Wednesday, March 9, 2011

Health Care Law’s Taxing Side Effects

This morning’s Wall Street Journal has an excellent article highlighting the consequences of one provision in the health care law – new restrictions on consumer-directed health accounts like Flexible Spending Arrangements (FSAs) and Health Savings Accounts (HSAs).  Specifically, the law requires that individuals seeking tax-free reimbursement for over-the-counter medications using FSA or HSA funds obtain a prescription to do so.  The story contains numerous examples of this one provision’s ill effects on American families, businesses, and doctors:

Rising Costs:  “Americans are visiting their doctors before making a trip to the drugstore, hoping their physician will help them out by writing a prescription….‘It drives up the cost of health care as opposed to reducing it,” said one physician.

Sicker Patients:  “When Dianna Greer of San Diego and her son came down with a cold, she wanted a $13 bottle of NyQuil and daytime cold medicine – and she wanted to pay for it by tapping the $5,000 in her flexible-spending account.  Ms. Greer says her doctor wouldn’t write prescriptions without an office visit, so she went without the drugs.  Later, she got the prescriptions from a doctor at the emergency room, where she was diagnosed with pneumonia.  ‘It feels like you’re begging for something when it’s your money.’”

Bureaucratic Hassles for Doctors and Businesses:  “Some doctors, irked by the paperwork…are balking at writing the new prescriptions.  Pharmacists and retailers say the changes mean they have to apply a personalized label on some 15,000 different everyday products for customers paying with certain debit cards….‘I am now doing the IRS’s work, and that’s what I resent most,” said one pediatrician.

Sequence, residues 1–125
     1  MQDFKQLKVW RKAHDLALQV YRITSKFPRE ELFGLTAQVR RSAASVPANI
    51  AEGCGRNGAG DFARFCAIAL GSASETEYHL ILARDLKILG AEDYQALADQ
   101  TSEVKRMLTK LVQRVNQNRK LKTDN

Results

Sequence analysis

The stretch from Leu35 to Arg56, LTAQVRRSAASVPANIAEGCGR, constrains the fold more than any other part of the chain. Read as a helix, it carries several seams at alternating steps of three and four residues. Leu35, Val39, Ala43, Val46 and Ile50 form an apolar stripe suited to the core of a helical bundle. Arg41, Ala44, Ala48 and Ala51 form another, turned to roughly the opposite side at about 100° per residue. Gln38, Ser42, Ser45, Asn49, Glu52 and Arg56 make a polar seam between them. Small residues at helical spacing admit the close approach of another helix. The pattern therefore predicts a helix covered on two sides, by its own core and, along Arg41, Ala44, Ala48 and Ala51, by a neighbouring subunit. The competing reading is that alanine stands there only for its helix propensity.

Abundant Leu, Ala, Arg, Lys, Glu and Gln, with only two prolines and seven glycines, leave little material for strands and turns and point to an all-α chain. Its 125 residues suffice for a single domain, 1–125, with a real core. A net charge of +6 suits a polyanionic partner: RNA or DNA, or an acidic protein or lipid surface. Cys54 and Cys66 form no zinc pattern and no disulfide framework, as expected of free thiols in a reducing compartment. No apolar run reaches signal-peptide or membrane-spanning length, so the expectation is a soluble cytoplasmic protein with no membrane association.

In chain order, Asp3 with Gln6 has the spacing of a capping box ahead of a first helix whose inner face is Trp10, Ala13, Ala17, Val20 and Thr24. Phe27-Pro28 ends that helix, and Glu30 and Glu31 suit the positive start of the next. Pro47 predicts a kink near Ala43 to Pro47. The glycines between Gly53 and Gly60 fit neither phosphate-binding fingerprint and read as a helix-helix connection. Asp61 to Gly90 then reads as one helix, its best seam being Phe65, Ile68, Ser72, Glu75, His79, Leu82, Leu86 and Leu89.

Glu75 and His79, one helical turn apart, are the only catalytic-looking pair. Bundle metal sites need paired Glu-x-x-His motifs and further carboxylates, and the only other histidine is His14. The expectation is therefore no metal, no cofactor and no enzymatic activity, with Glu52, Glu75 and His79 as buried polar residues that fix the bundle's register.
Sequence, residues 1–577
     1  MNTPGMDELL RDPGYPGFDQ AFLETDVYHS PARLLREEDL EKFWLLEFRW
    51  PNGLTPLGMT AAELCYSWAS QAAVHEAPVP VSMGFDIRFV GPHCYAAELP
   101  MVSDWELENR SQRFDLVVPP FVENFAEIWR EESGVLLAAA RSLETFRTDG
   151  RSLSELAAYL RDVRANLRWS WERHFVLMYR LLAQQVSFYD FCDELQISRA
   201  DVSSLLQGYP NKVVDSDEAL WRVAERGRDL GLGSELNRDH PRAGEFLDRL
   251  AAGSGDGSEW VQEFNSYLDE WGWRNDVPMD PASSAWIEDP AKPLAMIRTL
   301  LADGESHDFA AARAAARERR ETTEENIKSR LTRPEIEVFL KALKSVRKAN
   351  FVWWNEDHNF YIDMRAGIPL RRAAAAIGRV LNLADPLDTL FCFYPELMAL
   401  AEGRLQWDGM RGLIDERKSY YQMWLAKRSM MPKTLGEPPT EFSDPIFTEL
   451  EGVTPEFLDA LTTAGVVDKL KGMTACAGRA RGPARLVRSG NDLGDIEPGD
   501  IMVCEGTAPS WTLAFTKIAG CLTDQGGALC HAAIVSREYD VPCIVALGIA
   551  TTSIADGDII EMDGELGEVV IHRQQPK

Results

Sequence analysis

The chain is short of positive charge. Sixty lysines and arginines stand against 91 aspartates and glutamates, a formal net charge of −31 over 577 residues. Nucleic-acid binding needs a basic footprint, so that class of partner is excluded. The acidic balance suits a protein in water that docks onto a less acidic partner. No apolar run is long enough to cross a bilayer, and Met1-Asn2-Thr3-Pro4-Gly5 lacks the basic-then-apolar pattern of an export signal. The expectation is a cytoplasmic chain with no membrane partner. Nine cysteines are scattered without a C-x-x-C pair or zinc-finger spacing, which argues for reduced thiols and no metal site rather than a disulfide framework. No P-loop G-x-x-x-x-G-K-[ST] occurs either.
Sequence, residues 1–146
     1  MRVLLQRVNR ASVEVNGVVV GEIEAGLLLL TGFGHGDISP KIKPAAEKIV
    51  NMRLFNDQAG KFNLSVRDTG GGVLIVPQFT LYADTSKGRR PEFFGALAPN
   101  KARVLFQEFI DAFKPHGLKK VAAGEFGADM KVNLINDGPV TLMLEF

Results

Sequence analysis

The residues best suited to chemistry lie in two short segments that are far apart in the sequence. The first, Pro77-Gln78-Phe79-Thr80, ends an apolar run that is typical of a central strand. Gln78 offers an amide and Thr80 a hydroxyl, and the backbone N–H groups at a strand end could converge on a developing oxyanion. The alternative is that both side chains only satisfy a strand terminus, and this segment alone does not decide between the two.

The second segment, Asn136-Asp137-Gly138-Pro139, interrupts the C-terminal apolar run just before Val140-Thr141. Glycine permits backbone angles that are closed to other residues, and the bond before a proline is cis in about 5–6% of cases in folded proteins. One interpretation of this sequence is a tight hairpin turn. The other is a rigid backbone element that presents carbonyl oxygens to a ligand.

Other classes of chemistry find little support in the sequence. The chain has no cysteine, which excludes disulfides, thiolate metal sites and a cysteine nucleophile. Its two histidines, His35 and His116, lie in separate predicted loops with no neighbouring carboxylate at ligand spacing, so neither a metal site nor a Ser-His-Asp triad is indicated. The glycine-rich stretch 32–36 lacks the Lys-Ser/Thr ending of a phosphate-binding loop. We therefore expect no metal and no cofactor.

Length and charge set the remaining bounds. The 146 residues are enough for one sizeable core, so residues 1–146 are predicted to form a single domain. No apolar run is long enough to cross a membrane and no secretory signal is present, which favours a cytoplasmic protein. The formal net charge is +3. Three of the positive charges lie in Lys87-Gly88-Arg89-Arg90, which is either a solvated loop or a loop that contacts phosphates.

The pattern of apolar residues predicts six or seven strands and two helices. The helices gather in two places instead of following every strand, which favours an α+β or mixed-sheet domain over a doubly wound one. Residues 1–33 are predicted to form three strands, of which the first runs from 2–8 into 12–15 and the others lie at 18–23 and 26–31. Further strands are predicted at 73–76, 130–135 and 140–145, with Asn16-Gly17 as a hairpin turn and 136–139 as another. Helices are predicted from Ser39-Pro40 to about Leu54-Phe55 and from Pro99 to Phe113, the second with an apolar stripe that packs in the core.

Potential Lawsuits:  “Doctors are also concerned about malpractice lawsuits, since a prescription potentially puts them on the hook for any problems a patient suffers from over-the-counter drugs.  Some malpractice insurers are urging doctors not to write any prescription [sic] without seeing the patient in person.”

A Microcosm of Other Problems:  “Health-policy experts predicted that new insurance pools for high-risk patients would attract so many expensive enrollees that funding would be quickly exhausted.  In fact, enrollment is running at just 6% of expectations, partly because of high premiums.  A provision preventing insurers from denying coverage to children with pre-existing health conditions prompted insurers in dozens of states to stop selling child-only policies altogether.  And a piece of the law designed to centralize patient care by encouraging health-care providers to collaborate is running into antitrust concerns from regulators.”

As a reminder, the health care law includes more than $500 billion in tax increases, of which only $17 billion comes from the restrictions outlined in the Wall Street Journal piece – meaning that the American people will soon suffer more of these heretofore hidden consequences as the law’s other tax increases begin to take effect.  Speaking of which, the American Action Forum has a paper out today highlighting the tax on insurers, and quantifying its impact on consumers – families could pay $5,000 more in insurance premiums over a 10-year period due to the tax, undermining candidate Obama’s promise to CUT premiums by an average of $2,500 per family.